It’s calm here in NYC, in this upper west side Starbucks, five days after the fury of Hurricane Sandy hit our metropolis. I am still trying to make sense of my feelings and the significance of the experience to me, to my family and friends, to the city and region as a whole, and of course, to our world.
I was not severely affected. My home lost power for a couple of days, but my son and I had a warm and loving place to spend the blackout days and nights. Aside from the inconvenience of having to relocate ourselves, some bags of food and basic supplies to another location, we were not significantly impacted. We did not lose our lives, get injured in any way, or incur damage to any of our property.
I have friends who are still without power. Again, none of them are in shelters, and none are in any life threatening positions of which I am aware. SO DAMN LUCKY!!! One friend’s mother lost just about everything she owned out of her home in Long Island that was completely flooded with about three feet of water. Despite the fact that her childhood home was ruined and her mother will no doubt be living with her and her family for at least the next six months, she is now in Ohio working to get out the vote for President Obama. I love her more fiercely than I can say for her commitment to our future, despite the shambles of her past and present.
On Wednesday night, I went trick or treating with my son and some of our friends around our mostly dark neighborhood, gathering what candy there was to be had from the sporadically electrified or otherwise determined to celebrate homes (our neighborhood always incurs random outages from block to block). It was an act of optimism. We didn’t mind letting the children get sugared up and run crazy for a couple of hours. On the flip side, it was a bit desolate and creepy, and we parents had to work to keep the atmosphere festive. Also, I ate too many bite sized candy bars, and now have two massive pimples on my way-too-old-to-be-going-through-second-puberty face.
I have another friend who recently went through a period of renting out a room in her apartment on airbnb. After a half a year of that, she maxed out on having strangers living with her and swore she would never do it again. This week, after being offered large sums of money from individuals through that online platform, she’s been giving people access to her bathroom to take showers. She’s only accepted a fraction of the dollars they offered, and has used a portion of it to buy diapers for needy storm victims in nearby housing projects, who are still without basic resources. Unable to travel to her usual place of employment, her volunteer service has become her job for the week.
Today my next door neighbor and I donated some clothes, water, juice boxes and tampons to a local temple collecting supplies for people still in need of basic supplies. I had a bag of baby blankets from my son that I was saving for my cousins who are expecting their first child. After taking out one special piece, I donated the rest of those, too. I feel confident that my cousins will understand and support our choice.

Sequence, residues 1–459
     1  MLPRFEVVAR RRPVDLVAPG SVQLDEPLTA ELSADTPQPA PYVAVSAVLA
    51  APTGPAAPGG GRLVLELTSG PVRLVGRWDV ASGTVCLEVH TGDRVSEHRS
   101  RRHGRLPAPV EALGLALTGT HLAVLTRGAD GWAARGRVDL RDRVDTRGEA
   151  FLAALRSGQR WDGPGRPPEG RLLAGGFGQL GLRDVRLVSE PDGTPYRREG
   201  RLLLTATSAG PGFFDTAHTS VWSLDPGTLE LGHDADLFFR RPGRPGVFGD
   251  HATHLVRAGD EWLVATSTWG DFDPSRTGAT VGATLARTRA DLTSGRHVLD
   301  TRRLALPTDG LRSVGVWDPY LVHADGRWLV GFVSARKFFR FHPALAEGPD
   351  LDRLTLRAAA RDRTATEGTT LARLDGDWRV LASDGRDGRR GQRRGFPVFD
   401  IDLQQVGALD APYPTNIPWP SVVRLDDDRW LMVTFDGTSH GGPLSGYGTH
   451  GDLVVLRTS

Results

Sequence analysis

My sister, returning to the east coast several days ago from California, spent two nights with us at our house with her cat, because her dark apartment is in what was until last night the dark and largely deserted east village. After emptying my own refrigerator and then bringing things back home again two days later, we did the same from her apartment to my place, and then back again this morning.
And so, this week has felt like one big disjointed moving sleepover party. Warm and loving, yet tinged with the pressing knowledge of the desolation and suffering happening in other places. I do not know how to make sense of this, only to report random details of the experiences. I feel grateful and sad, exhilarated and drained at the same time.
Workwise, it has been a lost week. Internet service for me was gone for several days, and even after I got it back, key people with whom I work have been unreachable. But mostly, I have been unable to focus on anything significant for any length of time. Transporting my and my sister’s bags of food and toiletries all over town has been a welcome distraction – tasks with a distinct beginning, middle and end.
Today I took my son to a friend’s birthday party at Dave and Busters. I stuffed my face with pizza, chicken, french fries and tortilla chips. I talked to the waitresses. They told me that people who have lost their homes and are staying in various Times Square hotels have been coming in for their breakfast buffet, spending time there distracting themselves while they wait for their government disaster assistance.
Come Monday, some NYC public school students will be sharing their buildings with shelter residents still living at their schools. The subways may be almost completely up and running again. Some people are still trying to put their lives back together again. Some of us who have already known hard times in our lives are putting our hard-earned muscles to use dealing with this latest manifestation of the spooky and random great unknown breaking up our familiar reality. Some of us, not quite as adept at handling major obstacles, have been forever scarred by the trauma of this new and frightening intrusion into our sense of safety. The latter group is learning that they will have to get in shape, sooner than they’d like…
My heart is fluttering. I am aware that everything is changing. I knew that things would be different after Wednesday, but I didn’t know that it would feel so diffuse, so raw and random and unfocused and paralyzing. My emotions are so close to the surface, but any sense of logic I could impose on this is absent. I am not sure. Of anything.
Honestly, did you think I was going to try and wrap this up in a neat ball and deliver it to you? Shit. It doesn’t work that way.